What do we make of this separation or duality? When combined with Faust's striving - or perhaps avoiding - it becomes the path to Faust's ultimate dissolution. For it is this separation that prevents Faust from focusing on a purpose for his life, without which he he cannot gain the understanding he is seeking. And what do we see as the role of knowledge? It seems that knowledge is not enough to save Faust, not just because he views the attempt to gain knowledge as futile, but because he lacks a purpose or goal for that knowledge beyond the striving itself. Faust becomes like the man described by Ortega y Gasset, "incapable of any other effort than that strictly imposed . . . as a reaction to external compulsion."
But , you may say, is he not inwardly driven toward the striving or action for some purpose? An answer to this question may be found in Mephistopheles request to, "explore what life can be." (I, 1543), and in Faust's reply in which he concludes, "Existence seems a burden to detest. Death to be wished for, life a hateful jest." (I, 1570-1) Faust's inward compulsion is seen to be directed toward death, and only Mephistopheles is able to compel him toward action in this world. Thus striving in this world cannot be maintained by Faust alone, without purpose, and we ultimately see him as an empty creature waiting to be fulfilled by death and, he hopes, union with god.
Is this the nobility of the sort desired by men and women of principle? Those who are "active and not reactive" reject the lure of Mephistopheles and the irrational; focusing on their purpose in life with a joyous rationality. They are driven by an inward striving toward knowledge and understanding as suggested by the famous statement of Aristotle at the beginning of his Metaphysics, "All men by nature desire to know" (980a). These are the men and women described by Aristotle in his Nicomachean Ethics:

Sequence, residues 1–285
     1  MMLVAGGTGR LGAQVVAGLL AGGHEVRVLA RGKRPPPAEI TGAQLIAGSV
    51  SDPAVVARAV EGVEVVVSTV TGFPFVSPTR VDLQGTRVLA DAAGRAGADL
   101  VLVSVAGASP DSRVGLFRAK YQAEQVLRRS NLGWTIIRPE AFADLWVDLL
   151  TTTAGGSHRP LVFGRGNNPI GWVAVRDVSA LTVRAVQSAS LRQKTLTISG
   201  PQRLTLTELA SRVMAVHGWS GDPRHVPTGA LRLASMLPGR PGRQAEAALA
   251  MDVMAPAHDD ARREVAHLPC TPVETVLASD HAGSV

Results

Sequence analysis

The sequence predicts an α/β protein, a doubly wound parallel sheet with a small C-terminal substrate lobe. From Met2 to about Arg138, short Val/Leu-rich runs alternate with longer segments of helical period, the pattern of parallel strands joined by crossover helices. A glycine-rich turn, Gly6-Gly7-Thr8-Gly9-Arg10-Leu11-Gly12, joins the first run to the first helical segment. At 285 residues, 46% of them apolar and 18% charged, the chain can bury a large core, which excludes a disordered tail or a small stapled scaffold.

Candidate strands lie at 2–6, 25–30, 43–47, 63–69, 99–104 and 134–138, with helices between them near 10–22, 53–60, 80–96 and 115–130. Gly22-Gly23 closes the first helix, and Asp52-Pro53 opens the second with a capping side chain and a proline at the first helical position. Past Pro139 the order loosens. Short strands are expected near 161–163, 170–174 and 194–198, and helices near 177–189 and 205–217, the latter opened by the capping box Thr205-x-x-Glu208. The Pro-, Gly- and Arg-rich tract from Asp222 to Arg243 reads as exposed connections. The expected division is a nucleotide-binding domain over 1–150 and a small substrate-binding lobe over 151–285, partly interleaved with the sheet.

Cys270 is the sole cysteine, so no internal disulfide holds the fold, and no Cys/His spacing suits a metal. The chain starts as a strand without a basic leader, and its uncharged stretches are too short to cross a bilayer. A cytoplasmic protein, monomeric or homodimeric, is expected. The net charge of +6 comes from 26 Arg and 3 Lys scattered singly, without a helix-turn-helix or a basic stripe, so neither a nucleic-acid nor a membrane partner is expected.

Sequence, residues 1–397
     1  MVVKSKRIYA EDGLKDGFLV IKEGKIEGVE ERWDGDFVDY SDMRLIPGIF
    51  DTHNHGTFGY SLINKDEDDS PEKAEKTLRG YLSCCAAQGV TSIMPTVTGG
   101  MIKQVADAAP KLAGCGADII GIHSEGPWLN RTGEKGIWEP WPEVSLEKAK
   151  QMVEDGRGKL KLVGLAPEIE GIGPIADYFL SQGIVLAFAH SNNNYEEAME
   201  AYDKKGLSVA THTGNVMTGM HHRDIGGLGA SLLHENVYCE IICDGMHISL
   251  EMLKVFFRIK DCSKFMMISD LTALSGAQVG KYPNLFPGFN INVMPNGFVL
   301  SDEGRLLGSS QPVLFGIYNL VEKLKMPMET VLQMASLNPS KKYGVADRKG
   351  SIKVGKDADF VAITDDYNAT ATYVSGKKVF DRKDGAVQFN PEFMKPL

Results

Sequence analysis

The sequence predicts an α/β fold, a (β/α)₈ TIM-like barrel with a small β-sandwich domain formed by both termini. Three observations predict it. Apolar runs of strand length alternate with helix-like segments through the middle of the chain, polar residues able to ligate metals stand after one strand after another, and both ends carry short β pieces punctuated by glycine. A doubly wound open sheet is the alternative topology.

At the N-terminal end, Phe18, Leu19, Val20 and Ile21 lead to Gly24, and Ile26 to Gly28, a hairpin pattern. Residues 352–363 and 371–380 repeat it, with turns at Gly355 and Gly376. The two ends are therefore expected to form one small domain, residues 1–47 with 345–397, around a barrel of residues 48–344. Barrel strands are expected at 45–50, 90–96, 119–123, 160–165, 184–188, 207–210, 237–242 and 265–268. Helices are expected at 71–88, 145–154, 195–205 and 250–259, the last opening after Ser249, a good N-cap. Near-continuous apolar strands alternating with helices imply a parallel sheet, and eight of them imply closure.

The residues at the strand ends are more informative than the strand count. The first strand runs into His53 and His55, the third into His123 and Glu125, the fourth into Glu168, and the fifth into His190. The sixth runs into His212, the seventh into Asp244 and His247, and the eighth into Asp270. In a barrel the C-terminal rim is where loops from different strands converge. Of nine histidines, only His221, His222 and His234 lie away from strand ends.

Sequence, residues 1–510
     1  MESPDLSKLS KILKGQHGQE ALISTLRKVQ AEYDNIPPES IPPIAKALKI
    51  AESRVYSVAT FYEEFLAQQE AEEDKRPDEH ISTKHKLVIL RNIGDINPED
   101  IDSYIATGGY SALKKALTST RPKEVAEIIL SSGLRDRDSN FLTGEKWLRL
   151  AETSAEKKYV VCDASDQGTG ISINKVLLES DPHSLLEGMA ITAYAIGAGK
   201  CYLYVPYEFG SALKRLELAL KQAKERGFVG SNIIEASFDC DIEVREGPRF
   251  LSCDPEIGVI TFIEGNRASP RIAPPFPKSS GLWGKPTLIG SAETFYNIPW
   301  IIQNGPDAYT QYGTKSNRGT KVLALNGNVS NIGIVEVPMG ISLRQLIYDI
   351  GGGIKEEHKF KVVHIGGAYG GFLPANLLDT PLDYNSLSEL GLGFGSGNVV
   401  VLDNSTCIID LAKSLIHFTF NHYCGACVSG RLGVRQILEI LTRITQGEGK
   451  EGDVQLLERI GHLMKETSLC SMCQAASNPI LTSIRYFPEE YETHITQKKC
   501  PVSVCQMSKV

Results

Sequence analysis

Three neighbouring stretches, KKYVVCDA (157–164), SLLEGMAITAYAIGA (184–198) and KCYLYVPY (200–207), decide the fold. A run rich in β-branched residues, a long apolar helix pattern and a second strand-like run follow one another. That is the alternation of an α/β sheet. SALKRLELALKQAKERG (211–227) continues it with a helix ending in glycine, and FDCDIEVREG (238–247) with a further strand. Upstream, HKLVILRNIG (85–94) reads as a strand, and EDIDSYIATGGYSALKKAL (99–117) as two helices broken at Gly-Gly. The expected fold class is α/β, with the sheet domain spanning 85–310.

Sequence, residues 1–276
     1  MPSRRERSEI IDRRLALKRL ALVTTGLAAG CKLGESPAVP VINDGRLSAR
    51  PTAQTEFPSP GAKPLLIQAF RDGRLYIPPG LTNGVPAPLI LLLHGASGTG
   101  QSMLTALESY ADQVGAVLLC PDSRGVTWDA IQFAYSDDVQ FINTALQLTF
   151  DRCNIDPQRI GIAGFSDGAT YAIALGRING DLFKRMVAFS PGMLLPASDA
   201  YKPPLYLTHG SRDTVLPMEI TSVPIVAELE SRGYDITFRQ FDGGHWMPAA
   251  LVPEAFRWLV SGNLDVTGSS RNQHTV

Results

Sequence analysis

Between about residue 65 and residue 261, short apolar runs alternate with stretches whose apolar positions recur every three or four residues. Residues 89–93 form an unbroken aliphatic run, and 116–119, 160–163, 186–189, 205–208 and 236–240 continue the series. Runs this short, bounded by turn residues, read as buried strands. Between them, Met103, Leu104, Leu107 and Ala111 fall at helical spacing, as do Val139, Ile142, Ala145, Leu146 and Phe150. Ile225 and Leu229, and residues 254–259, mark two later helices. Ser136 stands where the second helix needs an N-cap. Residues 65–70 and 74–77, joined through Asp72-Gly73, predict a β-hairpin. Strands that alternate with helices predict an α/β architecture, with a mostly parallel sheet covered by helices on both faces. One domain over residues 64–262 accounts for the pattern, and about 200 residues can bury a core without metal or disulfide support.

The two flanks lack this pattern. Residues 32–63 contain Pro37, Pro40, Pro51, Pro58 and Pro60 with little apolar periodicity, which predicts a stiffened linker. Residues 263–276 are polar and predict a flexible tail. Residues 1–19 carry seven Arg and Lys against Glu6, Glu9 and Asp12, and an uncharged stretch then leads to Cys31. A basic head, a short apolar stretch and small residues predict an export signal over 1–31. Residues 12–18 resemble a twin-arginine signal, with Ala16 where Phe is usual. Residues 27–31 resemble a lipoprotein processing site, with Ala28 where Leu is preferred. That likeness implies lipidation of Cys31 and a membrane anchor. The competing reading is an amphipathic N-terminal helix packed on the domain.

Now those activities are desirable in themselves from which nothing is sought beyond the activity. And of this nature virtuous actions are thought to be, for to do noble and good deeds is a thing desirable for its own sake. (1176a 33)
That the doing of noble and good deeds requires a purpose distinguishes the active man from the merely reactive. It is this that leads to the nobility of spirit and it is this that Faust rejects as he says, "Thus I reel from desire to fulfillment, and in fulfillment languish for desire." (I, 3249-50) Later in the same scene Faust again admits the purposelessness of his striving (I, 3348-9). We thus see in Faust the rejection of the virtuous activity that leads to nobility in man, a rejection that leads Faust to death and dissolution.
Faust Part I by Johann Goethe, trans. by Walter Arndt. Norton Classics, New York. 1976 (1808)
Confessions by St. Augustine, trans Rex Warner. Penguin, New York. 1963 (401)
Metaphysics and Nicomachean Ethics by Aristotle, trans. David Ross. Random House, New York. 1941.
The Revolt of the Masses by Jose Ortega y Gasset. W. W. Norton, New York. 1957 (1930)